NEW ALBANY — Residents on Rita Drive live in a bowl of sorts.

The hills and curves of McDonald Lane sit just above the neighborhood, with the land around it sloping down on nearly all sides. When rains come through, that bowl quickly turns into a fish bowl, as water rushes in and pools.

"If it just rains like it did this week, it doesn't really affect us," resident Mary Smith said. "When it pours down, that drain [in front of our house] backs up at the foot of my driveway. That drain backs up next door, and that drain across the street backs up, and water just gushes this way. That's why the water comes up halfway on every mailbox that's in this circle."

Smith, who has lived in her home in the cul-de-sac of Rita Drive for exactly 30 years as of last month, said that water gets over six inches in depth on rainy days. In some instances, the covers on the drains have actually popped off from the torrents.

"That's why we put bricks up around the front of the house, because we didn't want water to get under the house," she said. "Then, we found out it was still getting under the house and had to pay $2,000 to get a sump pump put in."

Now, Smith and her neighbors fear the existing flooding problems will be compounded by a 12-family residential development that could be built adjacent to their property. Earlier this month, CBG Properties was granted an exception by the New Albany Board of Zoning Appeals to construct six two-family duplexes in the mixed-density residential and floodplain districts.

The buildings will be built on the front half of a long property that extends from McDonald Lane to a creek at the end of the lot. Sloping down from the road, the field that currently sits in the back of the property acts as a floodplain in its current state. The duplexes will sit on the highest point of that strip, city council member-elect Josh Turner said.

"With the flooding problems that they already have existing, my thing is where that water is going to go," said Turner, who lives on Rita Drive, right next to where the development is expected to go. "Is that retention pond going to be enough? Ever since they did the improvements where they raised McDonald Lane, it can be a light rain, and Rita is absolutely saturated."

Smith's husband, David, said he's concerned that once more concrete and asphalt replaces grass, more water is going to be diverted into his property.

"If they put something in up here, that's going to be more hard surface that the water can't soak into," he said. "It's just going to run over here even more. The water we get is going to combine with it, and I don't know what's going to happen."

Nearby resident Carol Lenfert said that sometimes, she can't even go in her back yard for extended periods of time when the ground is too wet. Water comes from the street, into her neighbor's yard, finally spilling over into hers, where it settles.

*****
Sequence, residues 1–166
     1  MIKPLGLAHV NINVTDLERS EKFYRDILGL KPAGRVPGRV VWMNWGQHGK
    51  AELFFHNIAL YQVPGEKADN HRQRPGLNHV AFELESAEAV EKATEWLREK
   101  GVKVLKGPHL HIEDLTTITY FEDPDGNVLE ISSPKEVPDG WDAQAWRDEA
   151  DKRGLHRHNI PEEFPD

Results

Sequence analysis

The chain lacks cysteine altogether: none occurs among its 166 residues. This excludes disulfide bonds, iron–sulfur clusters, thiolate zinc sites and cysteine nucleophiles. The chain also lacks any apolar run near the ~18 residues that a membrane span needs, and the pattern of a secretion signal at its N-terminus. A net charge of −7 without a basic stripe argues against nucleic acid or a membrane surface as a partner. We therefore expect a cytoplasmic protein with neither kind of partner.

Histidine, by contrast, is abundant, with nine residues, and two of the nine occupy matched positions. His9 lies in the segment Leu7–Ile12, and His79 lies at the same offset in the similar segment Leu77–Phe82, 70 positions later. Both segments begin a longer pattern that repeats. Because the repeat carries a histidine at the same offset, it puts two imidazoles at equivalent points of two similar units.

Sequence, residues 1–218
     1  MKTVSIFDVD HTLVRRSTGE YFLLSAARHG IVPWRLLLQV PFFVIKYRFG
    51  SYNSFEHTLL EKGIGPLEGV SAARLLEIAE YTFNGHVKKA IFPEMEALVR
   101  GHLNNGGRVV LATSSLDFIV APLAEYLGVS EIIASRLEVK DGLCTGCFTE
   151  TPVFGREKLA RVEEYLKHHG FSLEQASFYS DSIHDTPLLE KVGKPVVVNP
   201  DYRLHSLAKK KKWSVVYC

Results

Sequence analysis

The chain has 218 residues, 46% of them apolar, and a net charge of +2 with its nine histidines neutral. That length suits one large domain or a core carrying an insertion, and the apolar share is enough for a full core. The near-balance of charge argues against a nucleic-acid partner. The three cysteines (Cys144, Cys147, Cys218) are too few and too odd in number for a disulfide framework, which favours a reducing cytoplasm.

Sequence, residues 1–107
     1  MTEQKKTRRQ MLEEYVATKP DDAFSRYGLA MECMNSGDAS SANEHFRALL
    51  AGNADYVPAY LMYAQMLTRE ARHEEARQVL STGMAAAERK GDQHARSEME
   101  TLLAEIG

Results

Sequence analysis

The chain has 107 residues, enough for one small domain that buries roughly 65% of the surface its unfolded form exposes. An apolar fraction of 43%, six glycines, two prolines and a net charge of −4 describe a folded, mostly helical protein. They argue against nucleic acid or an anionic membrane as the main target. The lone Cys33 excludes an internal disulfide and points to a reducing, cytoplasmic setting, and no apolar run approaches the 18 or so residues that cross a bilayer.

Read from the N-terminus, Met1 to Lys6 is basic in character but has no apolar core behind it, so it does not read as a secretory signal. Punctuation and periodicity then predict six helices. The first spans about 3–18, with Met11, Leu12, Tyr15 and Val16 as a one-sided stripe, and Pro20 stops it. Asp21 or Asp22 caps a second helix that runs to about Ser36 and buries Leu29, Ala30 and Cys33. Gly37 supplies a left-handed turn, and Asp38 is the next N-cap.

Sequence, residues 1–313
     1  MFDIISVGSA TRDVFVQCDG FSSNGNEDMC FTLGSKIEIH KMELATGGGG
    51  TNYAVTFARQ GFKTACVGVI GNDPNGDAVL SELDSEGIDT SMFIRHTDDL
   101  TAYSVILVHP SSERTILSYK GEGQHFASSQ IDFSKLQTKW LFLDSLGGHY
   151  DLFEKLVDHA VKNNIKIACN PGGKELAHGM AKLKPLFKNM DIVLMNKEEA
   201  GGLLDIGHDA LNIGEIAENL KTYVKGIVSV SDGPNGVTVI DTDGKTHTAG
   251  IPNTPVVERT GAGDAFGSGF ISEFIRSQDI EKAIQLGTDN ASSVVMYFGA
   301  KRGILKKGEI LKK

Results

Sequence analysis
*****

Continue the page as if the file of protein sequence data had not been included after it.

"[My neighbor's] yard is a swamp, and all that her yard can't hold ends up in our yard," Lenfert said. "This spring, we couldn't even get back there for like two months because the ground was just so wet."

Another concern raised by Lenfert is the density of the area surrounding the newly-installed roundabout on McDonald Lane. She said that all of the effort to make that safe for pedestrians is going to be set back by adding several more cars coming from a different side of the existing three-way convergence.

All of those factors combined, Lenfert believes surrounding property will see devaluation.

"My biggest concern is that you're going to crowd a whole bunch of buildings on to a very small piece of ground, and we're all going to be jammed in here like crackers in a box," she said. "To me, that's going to devalue our properties. You've got 12 families, and that's going to be increased coming and going and increased garbage."

The residents said they felt discouraged when they went to the Nov. 6 BZA meeting, adding that they feel board members "already had their minds made up." Smith said that she has her house paid off and would like to retire there. If things get worse, however, she worries she and her husband may have to leave.

Lenfert added that she and her neighbors have worked hard to maintain their respective properties and make where they live a nice neighborhood. It's not that she's against developing the property at all, she added.

Building a home where the existing structure is on the property is fine by her book, as long as the green space remains.

All Lenfert wants, she said, is for her concerns to be heard.

"When it's obvious that this property has so many issues, to build something like that on it is just ridiculous," Lenfert said. "Why are they just going to push it on through, regardless of what anyone feels and thinks?"

Turner, who will soon be a city official himself, said it's important for his future colleagues to hear his concerns and the concerns of his constituents.

“The message that I would get across is that you have to listen to the people," he said. "Party politics all aside, listen to the constituents. Their concerns are valid.”

Attempts to reach plan director and zoning officer Scott Wood were unsuccessful.

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